Where do the numbers in venture deals come from?

A typical venture deal:

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The startup sells 250 new shares (20%) to an investor. In 5-7 years the investor sells these shares either to another investor or an industry buyer. The buyer pays the investor $2M. The investor pays the startup $200K.

Where do the numbers in this venture deal come from?

250 shares

Why sell 250 new shares to the investor?

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You assume that in 5-7 years your startup will have an exit value of $10M.

You assume that the investor wants a money multiple (MM) of 10.0 or a 10x return. That means he wants to make $10 on each $1 he invests.

So the post-money valuation = exit value / MM = $10M / 10.0 = $1M.

You assume an investment of $200K.

So the pre-money valuation = post-money valuation – investment = $1M – $200K = $800K.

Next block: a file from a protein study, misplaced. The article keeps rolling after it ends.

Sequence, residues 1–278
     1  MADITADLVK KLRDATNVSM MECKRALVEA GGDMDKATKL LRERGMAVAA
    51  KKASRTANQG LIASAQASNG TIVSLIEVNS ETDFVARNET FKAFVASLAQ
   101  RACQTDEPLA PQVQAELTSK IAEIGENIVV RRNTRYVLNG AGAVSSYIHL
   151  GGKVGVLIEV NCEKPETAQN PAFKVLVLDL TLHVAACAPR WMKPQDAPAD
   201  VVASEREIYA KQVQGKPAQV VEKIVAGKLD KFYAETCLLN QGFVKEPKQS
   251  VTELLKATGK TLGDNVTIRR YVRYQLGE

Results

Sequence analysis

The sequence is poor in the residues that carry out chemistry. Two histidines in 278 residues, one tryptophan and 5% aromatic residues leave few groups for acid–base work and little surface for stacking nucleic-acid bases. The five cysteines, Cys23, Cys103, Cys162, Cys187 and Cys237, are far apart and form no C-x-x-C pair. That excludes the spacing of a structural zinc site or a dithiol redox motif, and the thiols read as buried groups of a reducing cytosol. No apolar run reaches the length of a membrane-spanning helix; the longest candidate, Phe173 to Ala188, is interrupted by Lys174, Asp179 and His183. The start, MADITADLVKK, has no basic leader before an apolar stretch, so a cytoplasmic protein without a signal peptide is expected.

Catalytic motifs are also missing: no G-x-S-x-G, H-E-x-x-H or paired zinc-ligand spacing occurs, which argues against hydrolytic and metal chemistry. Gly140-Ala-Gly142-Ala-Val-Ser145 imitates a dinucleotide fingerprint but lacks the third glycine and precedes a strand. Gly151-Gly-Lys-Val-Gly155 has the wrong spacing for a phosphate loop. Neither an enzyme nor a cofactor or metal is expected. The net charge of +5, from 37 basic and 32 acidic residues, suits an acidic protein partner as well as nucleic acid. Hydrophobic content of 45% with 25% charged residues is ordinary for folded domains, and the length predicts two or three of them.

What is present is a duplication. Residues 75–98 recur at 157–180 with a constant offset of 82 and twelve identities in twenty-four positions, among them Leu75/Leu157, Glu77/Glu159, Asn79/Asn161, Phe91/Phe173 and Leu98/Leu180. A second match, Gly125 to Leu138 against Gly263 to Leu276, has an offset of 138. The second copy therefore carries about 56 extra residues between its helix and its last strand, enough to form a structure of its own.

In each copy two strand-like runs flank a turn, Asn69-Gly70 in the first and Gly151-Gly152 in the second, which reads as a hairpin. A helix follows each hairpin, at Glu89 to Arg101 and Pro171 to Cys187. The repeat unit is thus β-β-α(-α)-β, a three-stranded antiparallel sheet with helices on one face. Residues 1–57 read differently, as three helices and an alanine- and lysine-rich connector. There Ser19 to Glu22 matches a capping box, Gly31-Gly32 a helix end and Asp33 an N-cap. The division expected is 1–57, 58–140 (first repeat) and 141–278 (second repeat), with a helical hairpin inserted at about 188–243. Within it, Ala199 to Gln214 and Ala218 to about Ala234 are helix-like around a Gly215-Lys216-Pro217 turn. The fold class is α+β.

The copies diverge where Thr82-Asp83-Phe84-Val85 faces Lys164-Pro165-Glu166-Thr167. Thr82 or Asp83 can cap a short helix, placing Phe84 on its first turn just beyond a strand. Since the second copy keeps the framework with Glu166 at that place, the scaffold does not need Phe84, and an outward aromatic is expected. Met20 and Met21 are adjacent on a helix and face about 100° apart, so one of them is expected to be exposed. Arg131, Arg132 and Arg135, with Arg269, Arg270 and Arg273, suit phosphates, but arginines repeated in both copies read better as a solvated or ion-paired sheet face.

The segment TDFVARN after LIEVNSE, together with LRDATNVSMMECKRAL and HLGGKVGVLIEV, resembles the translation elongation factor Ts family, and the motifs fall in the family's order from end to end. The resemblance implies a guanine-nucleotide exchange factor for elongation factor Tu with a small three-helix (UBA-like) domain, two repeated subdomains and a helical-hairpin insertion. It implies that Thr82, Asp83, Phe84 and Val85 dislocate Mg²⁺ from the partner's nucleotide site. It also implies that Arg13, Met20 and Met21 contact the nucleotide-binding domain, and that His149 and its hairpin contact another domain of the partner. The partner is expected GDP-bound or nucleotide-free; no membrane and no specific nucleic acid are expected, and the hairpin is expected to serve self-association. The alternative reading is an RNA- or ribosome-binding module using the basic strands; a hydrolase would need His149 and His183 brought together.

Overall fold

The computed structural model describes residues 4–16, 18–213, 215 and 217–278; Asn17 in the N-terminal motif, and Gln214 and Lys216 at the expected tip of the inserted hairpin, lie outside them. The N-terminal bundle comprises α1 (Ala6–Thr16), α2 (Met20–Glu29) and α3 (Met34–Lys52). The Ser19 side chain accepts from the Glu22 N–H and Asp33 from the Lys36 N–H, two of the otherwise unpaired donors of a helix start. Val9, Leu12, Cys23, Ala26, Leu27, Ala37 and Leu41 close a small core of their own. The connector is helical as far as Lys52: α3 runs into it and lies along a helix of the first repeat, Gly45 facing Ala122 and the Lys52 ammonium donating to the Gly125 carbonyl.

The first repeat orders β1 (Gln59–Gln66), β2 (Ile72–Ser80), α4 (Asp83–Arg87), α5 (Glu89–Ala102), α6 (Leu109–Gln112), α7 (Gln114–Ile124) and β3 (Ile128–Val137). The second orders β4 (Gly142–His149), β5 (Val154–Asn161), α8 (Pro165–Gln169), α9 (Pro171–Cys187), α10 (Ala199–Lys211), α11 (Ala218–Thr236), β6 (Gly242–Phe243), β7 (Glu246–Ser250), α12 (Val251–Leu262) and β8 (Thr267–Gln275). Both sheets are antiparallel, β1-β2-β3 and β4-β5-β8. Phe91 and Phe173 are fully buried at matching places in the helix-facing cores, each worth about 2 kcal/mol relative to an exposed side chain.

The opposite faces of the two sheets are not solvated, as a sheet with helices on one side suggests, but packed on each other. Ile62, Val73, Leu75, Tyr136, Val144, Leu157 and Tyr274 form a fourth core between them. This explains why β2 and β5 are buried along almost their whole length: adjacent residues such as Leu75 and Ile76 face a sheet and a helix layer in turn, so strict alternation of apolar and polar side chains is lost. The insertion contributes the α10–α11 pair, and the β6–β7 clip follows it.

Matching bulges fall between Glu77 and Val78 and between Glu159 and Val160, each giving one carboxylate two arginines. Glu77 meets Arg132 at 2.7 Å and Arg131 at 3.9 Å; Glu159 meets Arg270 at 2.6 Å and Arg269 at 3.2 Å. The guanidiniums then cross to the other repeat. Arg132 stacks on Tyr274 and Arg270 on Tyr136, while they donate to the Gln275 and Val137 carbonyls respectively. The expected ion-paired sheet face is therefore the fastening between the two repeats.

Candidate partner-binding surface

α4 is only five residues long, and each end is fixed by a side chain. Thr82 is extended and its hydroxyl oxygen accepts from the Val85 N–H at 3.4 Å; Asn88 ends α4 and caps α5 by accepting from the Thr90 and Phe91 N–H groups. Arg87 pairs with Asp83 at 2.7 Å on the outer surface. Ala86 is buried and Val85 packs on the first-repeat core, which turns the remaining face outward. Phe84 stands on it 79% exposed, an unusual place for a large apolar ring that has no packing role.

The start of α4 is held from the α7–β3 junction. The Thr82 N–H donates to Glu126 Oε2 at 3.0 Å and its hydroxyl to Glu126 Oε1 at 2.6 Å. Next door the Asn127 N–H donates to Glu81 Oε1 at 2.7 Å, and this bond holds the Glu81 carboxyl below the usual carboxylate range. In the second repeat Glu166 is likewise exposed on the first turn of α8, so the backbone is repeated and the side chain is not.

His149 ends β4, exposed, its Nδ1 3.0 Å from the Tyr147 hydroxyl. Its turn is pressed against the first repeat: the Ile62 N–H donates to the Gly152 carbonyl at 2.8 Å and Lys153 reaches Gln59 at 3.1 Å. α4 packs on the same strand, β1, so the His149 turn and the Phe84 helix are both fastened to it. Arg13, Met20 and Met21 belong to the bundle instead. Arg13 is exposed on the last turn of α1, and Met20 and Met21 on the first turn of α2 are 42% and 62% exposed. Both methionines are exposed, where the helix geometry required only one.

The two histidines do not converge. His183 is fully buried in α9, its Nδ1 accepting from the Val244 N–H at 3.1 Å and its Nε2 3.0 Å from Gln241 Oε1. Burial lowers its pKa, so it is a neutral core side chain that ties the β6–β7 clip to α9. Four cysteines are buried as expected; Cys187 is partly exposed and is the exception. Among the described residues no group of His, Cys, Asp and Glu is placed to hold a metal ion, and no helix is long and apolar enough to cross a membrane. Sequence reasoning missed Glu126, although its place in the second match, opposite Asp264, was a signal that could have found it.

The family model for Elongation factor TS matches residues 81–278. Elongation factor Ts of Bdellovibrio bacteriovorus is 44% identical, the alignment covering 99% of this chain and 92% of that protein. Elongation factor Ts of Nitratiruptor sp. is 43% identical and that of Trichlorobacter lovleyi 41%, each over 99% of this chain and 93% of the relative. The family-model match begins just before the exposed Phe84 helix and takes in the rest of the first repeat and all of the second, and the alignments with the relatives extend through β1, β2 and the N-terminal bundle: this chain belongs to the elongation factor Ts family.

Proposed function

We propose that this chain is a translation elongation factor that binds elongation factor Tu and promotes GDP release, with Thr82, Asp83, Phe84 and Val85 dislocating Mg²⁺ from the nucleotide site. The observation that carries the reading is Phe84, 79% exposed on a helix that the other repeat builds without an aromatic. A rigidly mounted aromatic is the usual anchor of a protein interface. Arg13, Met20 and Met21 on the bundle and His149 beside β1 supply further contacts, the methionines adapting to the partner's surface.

You have 1K ordinary shares outstanding before this deal.

So the price per share for the Series Seed = pre-money valuation / # shares outstanding before deal = $800K / 1K = $800.

The number of shares you sell to the investor = investment / price per share = $200K / $800 = 250.

In 5-7 year the investor sells these same 250 shares to someone else.

$2M

Why does this buyer pay the investor $2M?

You assume that in 5-7 years your startup will have an exit value of $10M.

You have 1.25K shares outstanding before this deal.

So the price per share for the exit = exit value / # shares outstanding before deal = $10M / 1.25K = $8K.

The buyer pays the investor = # shares * price per share = 250 * $8K = $2M.

$200K

Why does the investor pay you $200K?

Your cash-flow planning shows you need a $200K investment. So that is the price that you ask for your shares.

Cross check: the investor pays you = # shares * price per share = 250 * $800 = $200K.

Now you also understand why negotiating with an investor will be negotiating about the exit value and his MM.

 

Thanks to Hans Westerhof and Chretien Herben.

Joachim Blazer is founder at Venture Value. Contact him at joachim@venturevalue.com.

Venture Value does startup valuations for founders who want to raise money with an investor.